and the ongoing programs within APHIS that are not directly associated with the
protection of our homeland.
These programs include protecting livestock
from predators; eradicating boll weevil, fruit flies, and brucellosis;
controlling rabies in wildlife; negotiating with foreign countries on technical
requirements for U.S. exports and imports, biotechnology, animal welfare, as well
as other programs.
In the past few weeks, the House Agriculture Committee has worked with
the Administration to refine the Presidents proposal.The result of that work appears in the
Committees amendment which moves the specialized border inspection and
enforcement functions of the U.S. Department of Agriculture, as well as the
Plum Island Disease Facility, to the new Department.
The Administration looks forward to working with Congress so that the final
bill provides the Secretary of Homeland Security the coordinating authorities
required to ensure integrated plans to address the threat of agroterrorism.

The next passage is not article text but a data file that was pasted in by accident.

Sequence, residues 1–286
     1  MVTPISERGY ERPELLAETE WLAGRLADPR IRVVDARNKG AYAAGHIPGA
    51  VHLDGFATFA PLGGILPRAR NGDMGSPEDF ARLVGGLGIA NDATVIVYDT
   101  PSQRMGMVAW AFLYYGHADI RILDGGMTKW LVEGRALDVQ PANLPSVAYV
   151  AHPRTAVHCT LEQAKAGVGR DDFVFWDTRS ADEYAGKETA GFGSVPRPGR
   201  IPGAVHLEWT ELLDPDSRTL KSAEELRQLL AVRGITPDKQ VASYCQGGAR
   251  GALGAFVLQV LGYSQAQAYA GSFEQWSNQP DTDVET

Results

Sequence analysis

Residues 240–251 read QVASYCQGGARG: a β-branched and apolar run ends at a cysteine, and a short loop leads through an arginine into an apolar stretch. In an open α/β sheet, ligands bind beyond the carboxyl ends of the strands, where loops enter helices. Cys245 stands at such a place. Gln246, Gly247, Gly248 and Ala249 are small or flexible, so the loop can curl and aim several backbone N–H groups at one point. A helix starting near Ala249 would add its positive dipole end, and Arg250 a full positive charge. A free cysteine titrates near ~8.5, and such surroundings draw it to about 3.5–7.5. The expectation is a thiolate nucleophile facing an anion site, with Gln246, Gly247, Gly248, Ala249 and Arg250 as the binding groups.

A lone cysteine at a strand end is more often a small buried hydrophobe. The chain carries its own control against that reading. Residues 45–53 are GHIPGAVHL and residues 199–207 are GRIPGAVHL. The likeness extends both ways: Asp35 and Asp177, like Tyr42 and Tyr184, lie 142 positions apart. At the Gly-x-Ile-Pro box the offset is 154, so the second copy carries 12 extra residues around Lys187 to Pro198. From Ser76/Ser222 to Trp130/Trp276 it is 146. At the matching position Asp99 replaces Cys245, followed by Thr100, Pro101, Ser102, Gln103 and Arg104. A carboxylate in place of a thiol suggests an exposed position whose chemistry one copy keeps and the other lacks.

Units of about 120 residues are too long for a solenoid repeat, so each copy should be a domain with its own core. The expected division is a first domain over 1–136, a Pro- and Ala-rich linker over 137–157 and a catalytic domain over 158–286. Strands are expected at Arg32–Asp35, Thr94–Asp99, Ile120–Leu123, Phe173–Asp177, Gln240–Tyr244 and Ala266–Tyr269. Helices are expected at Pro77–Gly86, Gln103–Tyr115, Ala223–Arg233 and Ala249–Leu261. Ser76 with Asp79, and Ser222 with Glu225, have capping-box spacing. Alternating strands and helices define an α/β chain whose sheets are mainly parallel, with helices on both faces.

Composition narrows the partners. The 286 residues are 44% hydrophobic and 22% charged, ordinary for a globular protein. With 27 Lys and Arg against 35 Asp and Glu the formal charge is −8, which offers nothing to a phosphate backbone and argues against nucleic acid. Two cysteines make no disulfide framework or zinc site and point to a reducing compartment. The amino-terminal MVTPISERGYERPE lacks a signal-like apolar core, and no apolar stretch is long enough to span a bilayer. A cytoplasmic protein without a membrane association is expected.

House Agriculture Committees amendment is consistent with the Presidents goal
of unifying the border and transportation security functions of many Federal
agencies.It affirms the critical role
played by inspections of agricultural cargo, conveyances, and international
passengers.It acknowledges the close
partnerships USDA inspection personnel have developed with the U.S. Customs
Service, the Immigration and Naturalization Service, and the U.S. Border
also recognizes the importance of USDA working with the new Department in
training homeland security inspection personnel involved in examining cargo,
passengers, and trade in food and agricultural products.Finally, the amendment recognizes that the
transfer of the Plum Island Animal Disease Center is integral to the Department
of Homeland Security.
short, the transfer of APHIS agricultural quarantine inspection program and
the Plum Island Animal Disease Center to the Department of Homeland Security is
the right step to take to protect our Nations security and agricultural
Mr. Chairman, again, I thank you for this opportunity to appear before
you today.I appreciate your
leadership, and that of this Committee in addressing the important issues
related to homeland security, particularly as it relates to the protection of
agriculture and our food supply.
I look forward to answering your questions today and a continued
dialogue on these and other issues in the future.